A woman holding a flower while wading in a natural and organic skin care beauty bath.

This Is What You Need to Know About Natural and Organic Skincare

by | Oct 26, 2019 | 0 comments

Trying to Find Answers

A picture of a beautiful bouquet sitting next to a set of natural and organic skincare products.

Fist of all, I admit it; I wanted to quit writing this post. Researching the subject to find more information and answers was hard because I could not find clear answers. It was confusing and frustrating. I was not aware that the beauty industry is so divided in its opinions. As a result, I kept the focus on finding the best skincare beauty product for me, although I want to know everything about natural and organic skin care.

My Pure Organic Skincare

Nourishing mask for mature skin with natural and organic skincare ingredients.

Growing up to be a teenager, I wanted to        know everything about organic skincare. My great grandma’s daily   skincare routine was most unusual  but above all, she had flawless skin. “Oma” believed in the goodness of nature. In fact, she only used organic ingredients.

Hence, I think that is the reason I am also using many natural and organic skin care ingredients. Honey, oats, eggs, crème fraîche, and agar agar, etc. are some naturals I am using – some of them daily. Thinking that there might be better products available (we all get older) therefore, I decided to do some research.

A “Natural” Label Doesn’t Always Mean Chemical-Free

Why you should only use natural and organic skincare products.

Natural and organic skin care products can be harmful. I have learned to read these labels carefully. If I can’t pronounce the first five ingredients, I know that the particular product is probably not natural. I define “Natural” products as ones that should not contain chemical ingredients such as

9 Ingredients You Definitely Don’t Want in Your Skincare Products!


A widely used preservative in cosmetics and pharmaceutical products.  Parabens disrupt the hormone function, an effect that increases the risk of breast cancer and reproductive toxicity. 

Synthetic Fragrances

Expose us to many chemicals. One of the many ingredients in fragrances is crude oil. Benzene, a derivative of crude oil, has the potential to cause cancer.  Additional risk factors are congenital disabilities and central nervous system disorders.


An anti-fungal and anti-bacterial  chemical present in some consumer  products, such as toothpaste, soaps, detergents, and toys. Triclosan  weakens the immune system and develops reproductive toxicity. In addition, children epxosed to this chemical.


Often used in glues, adhesives, chemical detergents, dyes, paint and paint thinners, plastics,  and many other industrial substances. It is found in household products, and especially fingernail polish and detergents.

Sodium Laureth Sulfate (SLES)

An inexpensive, very effective and mild foaming agent. However, it can be a skin irritant, stripping the skin from its natural oils, thus causing dry skin, irritations and reactions.

Sodium Lauryl Sulfate (SLS)

A harsh foaming chemical contained in shaving cream, lip balm, facial cleaners, shampoo, dental care products, bath products, creams and lotions contain SLS. According to the Environmental Working Group’s (EWG) Skin Deep Cosmetic Safety Database, SLS is a “moderate hazard” that has been linked to cancer, neurotoxicity, organ toxicity, skin irritation, and endocrine disruption.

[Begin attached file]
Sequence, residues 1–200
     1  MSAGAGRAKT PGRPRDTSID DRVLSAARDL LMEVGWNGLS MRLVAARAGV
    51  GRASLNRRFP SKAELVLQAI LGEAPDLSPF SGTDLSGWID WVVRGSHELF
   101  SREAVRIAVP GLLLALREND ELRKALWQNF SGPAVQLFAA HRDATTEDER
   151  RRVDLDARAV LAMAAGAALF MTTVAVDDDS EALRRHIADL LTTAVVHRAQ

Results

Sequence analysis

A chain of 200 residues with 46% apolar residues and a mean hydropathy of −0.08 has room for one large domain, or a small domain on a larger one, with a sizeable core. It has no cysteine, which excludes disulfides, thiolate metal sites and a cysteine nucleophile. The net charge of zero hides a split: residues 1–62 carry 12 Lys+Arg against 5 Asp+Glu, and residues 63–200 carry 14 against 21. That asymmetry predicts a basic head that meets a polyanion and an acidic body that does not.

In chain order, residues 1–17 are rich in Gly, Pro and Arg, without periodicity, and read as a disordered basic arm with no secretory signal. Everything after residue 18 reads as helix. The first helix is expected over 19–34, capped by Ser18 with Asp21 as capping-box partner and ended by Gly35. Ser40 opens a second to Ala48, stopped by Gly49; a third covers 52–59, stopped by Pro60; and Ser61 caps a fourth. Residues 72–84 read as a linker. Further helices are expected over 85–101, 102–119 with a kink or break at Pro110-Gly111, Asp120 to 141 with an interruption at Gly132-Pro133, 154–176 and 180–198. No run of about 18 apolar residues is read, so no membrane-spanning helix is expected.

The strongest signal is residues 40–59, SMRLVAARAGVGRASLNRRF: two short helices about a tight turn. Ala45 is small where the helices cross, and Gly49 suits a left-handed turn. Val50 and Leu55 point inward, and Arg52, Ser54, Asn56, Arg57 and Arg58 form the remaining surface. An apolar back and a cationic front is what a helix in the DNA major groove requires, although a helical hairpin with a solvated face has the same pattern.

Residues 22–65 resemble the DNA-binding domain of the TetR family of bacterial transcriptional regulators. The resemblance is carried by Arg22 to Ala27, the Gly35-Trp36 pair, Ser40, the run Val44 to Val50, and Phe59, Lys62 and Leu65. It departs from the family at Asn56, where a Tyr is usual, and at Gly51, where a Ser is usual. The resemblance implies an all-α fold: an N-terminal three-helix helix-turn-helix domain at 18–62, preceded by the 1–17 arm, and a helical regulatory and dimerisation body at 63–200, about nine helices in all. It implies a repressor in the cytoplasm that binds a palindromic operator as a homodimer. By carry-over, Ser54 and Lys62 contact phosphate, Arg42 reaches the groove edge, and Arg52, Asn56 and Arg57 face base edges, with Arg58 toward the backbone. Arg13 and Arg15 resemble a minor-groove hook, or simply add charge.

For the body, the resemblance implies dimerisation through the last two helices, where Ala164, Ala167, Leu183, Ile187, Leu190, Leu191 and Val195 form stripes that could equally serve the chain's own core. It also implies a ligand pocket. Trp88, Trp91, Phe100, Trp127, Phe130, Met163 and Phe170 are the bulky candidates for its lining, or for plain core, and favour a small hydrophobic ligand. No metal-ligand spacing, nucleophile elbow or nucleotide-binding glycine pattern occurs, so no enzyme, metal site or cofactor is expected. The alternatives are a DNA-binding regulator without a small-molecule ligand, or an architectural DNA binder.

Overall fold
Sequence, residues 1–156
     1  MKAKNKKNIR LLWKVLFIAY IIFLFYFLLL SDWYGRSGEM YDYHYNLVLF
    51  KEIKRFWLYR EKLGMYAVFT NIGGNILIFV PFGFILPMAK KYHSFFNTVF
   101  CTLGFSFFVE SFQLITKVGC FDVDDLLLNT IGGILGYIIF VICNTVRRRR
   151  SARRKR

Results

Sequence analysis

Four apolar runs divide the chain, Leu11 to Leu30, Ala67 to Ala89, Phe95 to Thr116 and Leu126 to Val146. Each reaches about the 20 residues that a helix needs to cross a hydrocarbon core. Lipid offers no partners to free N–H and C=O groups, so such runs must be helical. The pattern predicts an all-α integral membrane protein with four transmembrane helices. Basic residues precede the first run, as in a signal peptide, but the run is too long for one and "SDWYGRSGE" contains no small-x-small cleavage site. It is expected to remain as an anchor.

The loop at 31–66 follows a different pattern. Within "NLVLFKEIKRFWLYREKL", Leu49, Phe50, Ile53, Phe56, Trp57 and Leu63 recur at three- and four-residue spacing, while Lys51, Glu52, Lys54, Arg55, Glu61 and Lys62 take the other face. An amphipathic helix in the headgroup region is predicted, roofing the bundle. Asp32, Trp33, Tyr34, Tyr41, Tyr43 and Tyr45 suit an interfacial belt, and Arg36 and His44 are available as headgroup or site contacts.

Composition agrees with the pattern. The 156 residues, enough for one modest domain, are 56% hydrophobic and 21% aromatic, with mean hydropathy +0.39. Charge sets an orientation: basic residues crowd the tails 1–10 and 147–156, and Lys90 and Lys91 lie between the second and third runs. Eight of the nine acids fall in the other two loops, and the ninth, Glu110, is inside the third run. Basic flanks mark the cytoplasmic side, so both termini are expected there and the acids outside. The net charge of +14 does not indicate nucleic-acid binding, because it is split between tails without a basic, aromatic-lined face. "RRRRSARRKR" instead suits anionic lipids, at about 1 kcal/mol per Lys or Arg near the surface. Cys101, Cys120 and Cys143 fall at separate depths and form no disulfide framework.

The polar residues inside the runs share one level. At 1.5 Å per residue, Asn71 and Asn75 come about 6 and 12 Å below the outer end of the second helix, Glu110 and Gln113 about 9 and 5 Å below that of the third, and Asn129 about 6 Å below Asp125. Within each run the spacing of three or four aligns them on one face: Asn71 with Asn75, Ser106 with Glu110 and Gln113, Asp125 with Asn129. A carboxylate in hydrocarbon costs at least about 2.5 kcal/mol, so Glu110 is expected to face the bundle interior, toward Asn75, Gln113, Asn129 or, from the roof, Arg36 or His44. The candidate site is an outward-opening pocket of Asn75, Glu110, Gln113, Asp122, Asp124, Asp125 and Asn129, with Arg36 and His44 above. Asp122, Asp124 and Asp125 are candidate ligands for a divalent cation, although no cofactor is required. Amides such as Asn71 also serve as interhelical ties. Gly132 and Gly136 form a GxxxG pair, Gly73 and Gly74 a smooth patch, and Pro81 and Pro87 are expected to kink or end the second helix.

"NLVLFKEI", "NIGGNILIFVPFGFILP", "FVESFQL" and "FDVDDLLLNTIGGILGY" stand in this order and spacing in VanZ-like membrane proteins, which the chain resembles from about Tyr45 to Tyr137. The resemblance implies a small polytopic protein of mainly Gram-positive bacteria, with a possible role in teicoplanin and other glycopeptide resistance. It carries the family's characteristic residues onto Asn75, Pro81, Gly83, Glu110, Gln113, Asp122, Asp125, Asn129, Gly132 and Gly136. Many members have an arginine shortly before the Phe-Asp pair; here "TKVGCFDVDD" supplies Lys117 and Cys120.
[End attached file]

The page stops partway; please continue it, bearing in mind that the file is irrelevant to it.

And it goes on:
A known human carcinogen linked to leukemia, pancreatic and skin cancer, skin irritation, and cirrhosis. It is typically found in nail polish, eyelash glue, and hair smoothing and straightening products like the popular Brazilian Blowout treatment.


A class of industrial chemicals used to soften PVC plastic. It is also is used as a solvent in cosmetics and can  damage the liver, kidneys, lungs. Aftershave lotion, soaps, shampoos, perfume, etc. all contain this chemical.

Synthetic Colors

Synthetic colors contain petroleum and coal tar. Particularly those in hair dyes. Although a controversial subject, artificial colors derived from coal tar may increase the risk of cancer.


Don’t believe every product label which states “natural and organic.” Study the product labels on your skincare products. Read up on various chemicals; it’s not as hard as you think. The EWG (Environmental Working Group) is a great resource. If you like commercial skincare products, check your selected product against the EWG listings. You might be up for big surprises.

Why Did I Write This Post?

The vert pur vegetal natural and organic skincare product.

I am a firm believer in DIY organic recipes. They have been working for me for years. As a result, I have healthy skin and hair, sometimes even radiant, if I follow my regime to a “T.” However, I keep seeing these “Natural and Organic” product labels. I wanted to know the truth! Are these products really better for us? Or is it the same false advertising like in the food industry. ( Kraft singles anyone?) Researching the subject has pulled off my blinders and relieved my doubts. Now I understand the Myths on Cosmetics Safety much better.

I hope that I was able to clarify   your questions about natural and organic skincare products. Maybe you could let us know what product you are using. Tell us you experience. We all would be grateful to know.

If you have additional questions or concerns, please feel free to drop us a line. Be well and have a great weekend.


About Heidi


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